President Obama called on the new graduates of Morehouse College to be the best "boyfriend to your partner" and to help marginalized Americans, including gays and lesbians, during a rousing commencement speech on Sunday in Atlanta.
Obama's nearly 30-minute speech helped raise the profile of LGBT issues on the campus, which has long struggled with its gay students. Since Obama came out for marriage equality in May 2012, he continues to include mentions of LGBT people and issues in major speeches.
At about the 26:30 mark in his address on Sunday, Obama touched on marginalized populations.
But it is not just the African-American community that needs you. The country needs you. The world needs you. See, as Morehouse Men, many of you know what it’s like to be an outsider; to be marginalized; to feel the sting of discrimination. That’s an experience that so many other Americans share. Hispanic Americans know that feeling when someone asks where they come from or tells them to go back. Gay and lesbian Americans feel it when a stranger passes judgment on their parenting skills or the love they share. Muslim Americans feel it when they’re stared at with suspicion because of their faith. Any woman who knows the injustice of earning less pay for doing the same work – she sure feels it.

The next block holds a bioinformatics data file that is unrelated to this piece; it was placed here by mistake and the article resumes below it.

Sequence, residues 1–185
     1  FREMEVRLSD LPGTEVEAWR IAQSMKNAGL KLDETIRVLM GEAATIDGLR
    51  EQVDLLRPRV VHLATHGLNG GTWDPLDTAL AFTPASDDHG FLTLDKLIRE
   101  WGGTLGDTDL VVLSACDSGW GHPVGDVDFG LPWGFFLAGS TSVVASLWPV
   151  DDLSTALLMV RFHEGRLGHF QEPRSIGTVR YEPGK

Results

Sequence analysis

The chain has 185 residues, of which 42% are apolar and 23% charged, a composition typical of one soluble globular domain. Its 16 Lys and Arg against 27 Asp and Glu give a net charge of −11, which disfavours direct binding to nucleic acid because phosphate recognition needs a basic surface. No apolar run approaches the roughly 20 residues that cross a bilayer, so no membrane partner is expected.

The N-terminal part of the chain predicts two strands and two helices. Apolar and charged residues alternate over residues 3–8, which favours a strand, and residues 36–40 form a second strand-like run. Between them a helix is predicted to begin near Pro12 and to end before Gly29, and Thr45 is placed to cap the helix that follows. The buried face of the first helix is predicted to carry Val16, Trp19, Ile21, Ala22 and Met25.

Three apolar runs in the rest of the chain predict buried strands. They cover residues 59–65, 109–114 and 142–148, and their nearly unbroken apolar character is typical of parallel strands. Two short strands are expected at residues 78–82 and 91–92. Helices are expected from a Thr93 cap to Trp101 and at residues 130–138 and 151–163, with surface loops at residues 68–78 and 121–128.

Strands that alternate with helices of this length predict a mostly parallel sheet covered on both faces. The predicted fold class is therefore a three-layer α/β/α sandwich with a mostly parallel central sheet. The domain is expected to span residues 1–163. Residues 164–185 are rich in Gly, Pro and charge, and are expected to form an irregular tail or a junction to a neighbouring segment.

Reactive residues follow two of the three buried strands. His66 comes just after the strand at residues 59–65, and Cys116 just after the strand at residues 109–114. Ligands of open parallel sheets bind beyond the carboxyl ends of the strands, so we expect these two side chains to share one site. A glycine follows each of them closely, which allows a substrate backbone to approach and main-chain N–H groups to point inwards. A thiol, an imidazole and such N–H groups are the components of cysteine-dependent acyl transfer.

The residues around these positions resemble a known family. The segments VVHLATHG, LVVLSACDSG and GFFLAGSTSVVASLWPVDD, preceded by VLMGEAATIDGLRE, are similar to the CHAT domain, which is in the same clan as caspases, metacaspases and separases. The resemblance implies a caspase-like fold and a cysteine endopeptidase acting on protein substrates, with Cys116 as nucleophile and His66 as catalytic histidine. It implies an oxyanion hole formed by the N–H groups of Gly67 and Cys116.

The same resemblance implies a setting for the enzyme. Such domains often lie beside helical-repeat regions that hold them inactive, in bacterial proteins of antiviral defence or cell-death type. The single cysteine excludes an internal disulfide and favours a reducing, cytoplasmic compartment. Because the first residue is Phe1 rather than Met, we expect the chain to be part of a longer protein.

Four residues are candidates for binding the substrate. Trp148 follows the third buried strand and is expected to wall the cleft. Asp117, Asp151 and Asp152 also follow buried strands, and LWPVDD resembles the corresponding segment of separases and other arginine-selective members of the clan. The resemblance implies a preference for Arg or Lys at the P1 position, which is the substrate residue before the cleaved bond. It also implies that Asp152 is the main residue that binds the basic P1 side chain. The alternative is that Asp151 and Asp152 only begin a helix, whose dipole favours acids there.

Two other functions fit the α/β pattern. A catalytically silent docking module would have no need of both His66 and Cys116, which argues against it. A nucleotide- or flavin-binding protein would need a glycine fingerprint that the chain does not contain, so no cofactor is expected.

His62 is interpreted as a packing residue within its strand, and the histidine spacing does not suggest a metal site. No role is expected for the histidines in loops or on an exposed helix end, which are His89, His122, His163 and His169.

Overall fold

So your experiences give you special insight that today’s leaders need. If you tap into that experience, it should endow you with empathy – the understanding of what it’s like to walk in somebody else’s shoes. It should give you an ability to connect. It should give you a sense of what it means to overcome barriers.
About four minutes earlier, Obama also challenged the group of all male graduates to be the best partner or spouse they can:
Today, Frederick is a family man, a working man, and a Morehouse Man. And that’s what I’m asking all of you to do: keep setting an example for what it means to be a man. Be the best husband to your wife, or boyfriend to your partner, or father to your children that you can be. Because nothing is more important.
Obama's commencement address was the first by a sitting president in Georgia since 1938. Among high-profile attendees were several who mirror Obama's support for gay marriage, including Atlanta Mayor Kasim Reed, who backed it last December, and U.S. Rep. John Lewis, long a champion of LGBT issues.